PowerPoint makes simple object rotations very easy.
If you don’t need to be precise
You can use an object’s rotation handle to drag an object around its middle. When you like what you see, release the mouse button and you’re done.
If you need a common angle
If you need more precision than eyeballing it, you can use several tools that let you quickly get common angles:
To rotate to 15° increments, press the Shift key while you drag with the rotation handle. In this way, you can reotate to 0, 15, 30, 45, 90 degrees — and so on. That is often enough.
For a 90° rotation, left or right, select the object and click the Format tab that appears. Click Rotate in the Arrange group and choose Rotate Right 90° or Rotate Left 90°.
If you need a specific, uncommon angle
But what if you need a 62° angle? Or a 13° angle? It’s common in technical presentations to need angles like this. Yes, you might use a technical drawing tool like AutoCAD and import the drawings as a picture. You can even import as a WMF, which you can ungroup and turn into PowerPoint objects, I discuss this process in another post, “Create clear, iconic illustrations in PowerPoint with (gasp!) clip art.”
But you can get exact angles in PowerPoint, following these steps:
- Select the object and click the Format tab that appears.
- Click Rotate in the Arrange group and choose More Rotation Options. In PowerPoint 2007 and 2010, you’ll be in the Format Shape dialog box, with the Size item displayed. In PowerPoint 2013, you’ll be in a task pane, with the Size item expanded.
- Enter the desired rotation in the Rotation text box and press Enter. In PowerPoint, positive rotation is clockwise. You can enter a negative number to rotate counterclockwise.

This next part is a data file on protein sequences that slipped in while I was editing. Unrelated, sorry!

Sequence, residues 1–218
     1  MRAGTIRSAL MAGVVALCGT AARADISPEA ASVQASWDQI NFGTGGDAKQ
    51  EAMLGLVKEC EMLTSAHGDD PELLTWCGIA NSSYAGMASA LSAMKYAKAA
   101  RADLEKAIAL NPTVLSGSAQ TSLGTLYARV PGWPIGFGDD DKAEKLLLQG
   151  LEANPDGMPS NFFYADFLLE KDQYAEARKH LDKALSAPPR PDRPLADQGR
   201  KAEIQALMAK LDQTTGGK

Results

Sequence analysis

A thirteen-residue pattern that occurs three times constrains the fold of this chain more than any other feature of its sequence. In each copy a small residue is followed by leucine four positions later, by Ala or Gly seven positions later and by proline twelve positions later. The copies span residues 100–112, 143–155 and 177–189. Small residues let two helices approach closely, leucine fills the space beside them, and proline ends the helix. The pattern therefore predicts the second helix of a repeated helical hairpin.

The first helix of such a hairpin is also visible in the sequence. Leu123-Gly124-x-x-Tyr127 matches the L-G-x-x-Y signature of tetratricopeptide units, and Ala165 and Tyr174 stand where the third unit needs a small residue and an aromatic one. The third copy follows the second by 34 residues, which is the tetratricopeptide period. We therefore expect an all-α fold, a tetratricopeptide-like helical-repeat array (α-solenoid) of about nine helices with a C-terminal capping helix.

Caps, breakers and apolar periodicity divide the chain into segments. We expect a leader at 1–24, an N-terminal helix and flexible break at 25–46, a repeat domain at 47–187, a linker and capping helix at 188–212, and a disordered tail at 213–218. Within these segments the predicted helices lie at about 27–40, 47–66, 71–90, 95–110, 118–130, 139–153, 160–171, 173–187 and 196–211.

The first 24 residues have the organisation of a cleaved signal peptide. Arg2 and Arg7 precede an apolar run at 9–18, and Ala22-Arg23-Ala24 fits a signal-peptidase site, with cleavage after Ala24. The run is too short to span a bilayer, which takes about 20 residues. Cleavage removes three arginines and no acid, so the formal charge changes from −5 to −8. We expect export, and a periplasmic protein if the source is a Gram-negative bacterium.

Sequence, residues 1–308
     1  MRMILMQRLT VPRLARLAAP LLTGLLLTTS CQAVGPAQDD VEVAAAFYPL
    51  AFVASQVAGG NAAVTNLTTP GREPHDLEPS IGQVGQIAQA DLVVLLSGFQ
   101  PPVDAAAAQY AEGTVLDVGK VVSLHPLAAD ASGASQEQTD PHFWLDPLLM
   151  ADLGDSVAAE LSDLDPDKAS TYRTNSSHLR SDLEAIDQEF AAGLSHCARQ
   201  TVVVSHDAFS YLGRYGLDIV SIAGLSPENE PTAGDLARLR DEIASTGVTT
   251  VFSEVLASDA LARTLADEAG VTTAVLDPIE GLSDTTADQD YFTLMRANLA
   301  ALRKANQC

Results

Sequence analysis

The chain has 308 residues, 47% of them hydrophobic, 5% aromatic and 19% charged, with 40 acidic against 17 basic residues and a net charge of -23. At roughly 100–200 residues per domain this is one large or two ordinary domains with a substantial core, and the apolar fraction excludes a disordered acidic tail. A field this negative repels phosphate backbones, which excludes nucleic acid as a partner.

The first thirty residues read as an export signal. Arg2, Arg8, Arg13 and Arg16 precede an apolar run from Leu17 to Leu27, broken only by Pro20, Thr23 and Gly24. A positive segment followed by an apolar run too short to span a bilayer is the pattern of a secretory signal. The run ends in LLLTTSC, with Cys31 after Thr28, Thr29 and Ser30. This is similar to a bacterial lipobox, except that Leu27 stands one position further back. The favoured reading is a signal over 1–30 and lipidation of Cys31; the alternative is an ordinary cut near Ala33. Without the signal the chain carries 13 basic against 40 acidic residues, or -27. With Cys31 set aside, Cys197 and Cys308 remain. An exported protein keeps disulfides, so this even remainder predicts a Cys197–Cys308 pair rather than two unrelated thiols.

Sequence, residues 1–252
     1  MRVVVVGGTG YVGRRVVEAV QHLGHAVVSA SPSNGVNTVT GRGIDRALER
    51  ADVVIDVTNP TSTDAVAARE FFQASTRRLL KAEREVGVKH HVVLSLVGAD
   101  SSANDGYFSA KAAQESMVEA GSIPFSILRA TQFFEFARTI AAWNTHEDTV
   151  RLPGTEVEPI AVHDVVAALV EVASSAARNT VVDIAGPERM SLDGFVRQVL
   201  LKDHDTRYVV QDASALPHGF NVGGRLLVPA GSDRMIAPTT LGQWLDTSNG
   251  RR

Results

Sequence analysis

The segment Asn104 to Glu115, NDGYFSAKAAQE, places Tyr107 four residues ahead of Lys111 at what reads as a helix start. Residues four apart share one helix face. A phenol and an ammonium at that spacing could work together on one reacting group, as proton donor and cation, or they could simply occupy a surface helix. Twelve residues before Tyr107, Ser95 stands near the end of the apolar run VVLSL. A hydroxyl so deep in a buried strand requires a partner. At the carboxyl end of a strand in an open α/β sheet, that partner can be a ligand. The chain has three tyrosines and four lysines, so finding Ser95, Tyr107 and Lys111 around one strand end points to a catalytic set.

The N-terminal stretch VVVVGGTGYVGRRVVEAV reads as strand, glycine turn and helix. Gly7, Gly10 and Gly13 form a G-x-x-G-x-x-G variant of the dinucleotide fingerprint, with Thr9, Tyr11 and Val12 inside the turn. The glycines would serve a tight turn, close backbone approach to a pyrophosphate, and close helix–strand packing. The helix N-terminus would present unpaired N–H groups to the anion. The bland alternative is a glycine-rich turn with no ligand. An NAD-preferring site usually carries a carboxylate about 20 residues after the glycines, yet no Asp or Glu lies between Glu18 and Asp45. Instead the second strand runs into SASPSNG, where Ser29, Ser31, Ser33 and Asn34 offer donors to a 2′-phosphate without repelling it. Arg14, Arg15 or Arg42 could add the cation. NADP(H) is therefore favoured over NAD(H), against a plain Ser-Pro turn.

- Close the task pane or dialog box.
Here’s an example of an object at a 70° rotation.
Thanks Ellen – this is a very succinct post, yet it covers lots of tips. The tip about holding down Shift is really handy. That’s a great way to rotate different objects by a consistent amount. As you know (but others might not), you can save time by right-clicking and choosing Size and Position instead of using the Format tab. That not only saves a couple of clicks, more importantly it saves a lot of “mouse miles” spent going all the way up to the Format tab, then across to Rotate. Please see my latest post for 4 handy shortcuts… Read more »
Is there a way to rotate an object by less than one degree? I cannot get past the one degree limitation.
Not that I know of. You can press Alt as you rotate objects and free rotate them. I’m not sure if the Rotate text box just rounds off, since it always shows an integer. I found some code that lets you do this: https://www.experts-exchange.com/questions/22841467/Rotate-Objects-by-Fraction-of-a-Degree.html
Here’s some information on using VBA code: http://www.pptfaq.com/FAQ00033_How_do_I_use_VBA_code_in_PowerPoint.htm
Thank you. That works well for degrees above 1 or below -1. In my case I am just trying to straighten an image that is a little less than -1 degree off. If I can save the image already off by 90 degrees then then perhaps I can rotate it 89.5 degrees using your suggestion. Here I go and thanks again.
If it’s an issue of the image being in the presentation that someone has already rotated, why not simply place the image a second time? It ought to go in with zero degrees of rotation.
Yes, that’s true, but often you don’t have access to the presentation (maybe someone else created it) or it’s just quicker to rotate it than to find it again.